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Comment Re:Cellular is the business model (Score 1) 424

If someone can explain how we need multiple cable companies in order to have ISP competition, it would be helpful. I've personally used AT&T (non-Cable) as my ISP for 15 years (first as ADSL, then with U-verse). I haven't had Cable for almost 20 years. I'm eager for Google Fiber.

AOL hung around at least a decade beyond its prime. Cable isn't dead, but I suspect it's on a similar life-cycle. 50 years from now, using copper wires for data will be a footnote in history books. 100 years from now, even Fiber will be a similar note.

Comment Re:Ah, the mythical CS skills shortage (Score 1) 141

There isn't any shortage of talented CS professionals. However, HR isn't competent to tell the difference between a talented programmer (who can pick up the skills needed for the project in a matter of weeks, and turn out a quality product) and someone who is struggling to avoid being cut from the workforce and has years of experience with the particular "skillset" the employer is seeking (and will turn out a really buggy product, frequently missing deadlines).

Foreign "talent" isn't any more competent (taken as a group) than US talent is. They just have a powerful marketing force making them LOOK more qualified. Seriously -- I've seen pieces of projects off-shored to firms with "coders" who are someone's nephew, good at fixing computers, and have never coded a single for-next loop in their lives. But I've seen the same thing in US-based contractors, so what's Human Resources to do?

Comment Re:Ah, the mythical CS skills shortage (Score 1) 141

You can pass Algebra with a "C". Do you really believe someone should be working professionally in a field where they were a "C" student? Have you ever compared how easily and quickly an "A" student does work compared to a "C" student (not to mention the fact that the "A" student actually had the correct answers)?

People with no maths skills can be good programmers; the two skills aren't really related. However, people who have no talent for programming can't be "taught" to be good programmers -- just like someone with no talent for painting can't be "taught" to be a GOOD painter.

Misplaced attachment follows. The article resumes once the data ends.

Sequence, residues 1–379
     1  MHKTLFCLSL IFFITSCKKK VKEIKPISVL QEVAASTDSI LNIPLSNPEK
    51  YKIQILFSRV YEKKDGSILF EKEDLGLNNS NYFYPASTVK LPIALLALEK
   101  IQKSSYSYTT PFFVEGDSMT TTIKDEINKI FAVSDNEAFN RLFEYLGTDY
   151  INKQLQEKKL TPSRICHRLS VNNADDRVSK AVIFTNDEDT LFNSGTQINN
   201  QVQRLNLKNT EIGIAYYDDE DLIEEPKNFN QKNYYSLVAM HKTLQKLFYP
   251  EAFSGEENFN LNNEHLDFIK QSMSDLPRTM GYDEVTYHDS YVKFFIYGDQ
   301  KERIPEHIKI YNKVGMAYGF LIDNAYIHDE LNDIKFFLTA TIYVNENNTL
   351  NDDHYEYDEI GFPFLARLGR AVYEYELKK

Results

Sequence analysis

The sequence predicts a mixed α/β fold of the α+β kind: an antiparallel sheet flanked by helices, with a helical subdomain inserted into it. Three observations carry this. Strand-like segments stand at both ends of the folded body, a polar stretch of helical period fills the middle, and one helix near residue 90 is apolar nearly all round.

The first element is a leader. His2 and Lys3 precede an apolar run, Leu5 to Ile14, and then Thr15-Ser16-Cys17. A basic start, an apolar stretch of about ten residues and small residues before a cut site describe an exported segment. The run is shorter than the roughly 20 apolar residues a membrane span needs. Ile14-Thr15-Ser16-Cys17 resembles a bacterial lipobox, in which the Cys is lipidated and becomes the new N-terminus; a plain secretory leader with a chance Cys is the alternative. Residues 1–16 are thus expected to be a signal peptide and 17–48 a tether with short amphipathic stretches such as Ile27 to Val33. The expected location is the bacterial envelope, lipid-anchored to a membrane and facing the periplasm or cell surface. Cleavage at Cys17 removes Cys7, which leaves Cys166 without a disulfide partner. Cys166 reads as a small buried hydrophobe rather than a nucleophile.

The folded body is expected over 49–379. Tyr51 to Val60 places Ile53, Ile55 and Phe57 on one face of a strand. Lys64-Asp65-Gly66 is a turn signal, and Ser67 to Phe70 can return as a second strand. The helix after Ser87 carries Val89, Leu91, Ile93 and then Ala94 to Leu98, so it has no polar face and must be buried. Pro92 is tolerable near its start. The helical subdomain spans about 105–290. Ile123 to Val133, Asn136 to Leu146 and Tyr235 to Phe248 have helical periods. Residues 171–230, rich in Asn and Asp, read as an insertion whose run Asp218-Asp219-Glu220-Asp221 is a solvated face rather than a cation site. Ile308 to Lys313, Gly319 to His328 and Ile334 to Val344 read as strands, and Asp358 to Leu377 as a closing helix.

Comment PLATO, Ender, et. al. (Score 1) 203

The PLATO system pushed the hardware envelope for its day, Orson Scott Card dreamed a remarkable interactive classroom in the 80's, and I was involved in a teaching research project in the 80's which used ultra-low-cost systems for computer-aided teaching. It's a theme many people have worked on. It's a theme that (ultimately) is a useful tool, but falls short of being "revolutionary" -- because it's existed (in one form or another) for centuries. It's an iteration, not a leap. It's homework.

Computer courseware can adjust the difficulty of problems to target an area where the student is having difficulty, and it can also present homework that has a visual / animated aspect to it (2 + 1 = ... dots flow together on the screen ... 3). In the end, though, it's just giving the student practice using concepts which were demonstrated by someone else. It can present facts in more interesting ways than a book, but it's still the same information you get from textbooks. You can tell a computer you "need help," and get a pre-packaged review, but you can't ask it a question.

There is certainly a place for computer-based homework in the classroom, and the company I worked with even had some excellent results helping children with learning disabilities to keep up with the rest of the class. Computers can help a good teacher manage a larger classroom effectively (potentially lowering education costs) ... but making education better? That will take more understanding of the psychology behind learning and memory, not better hardware.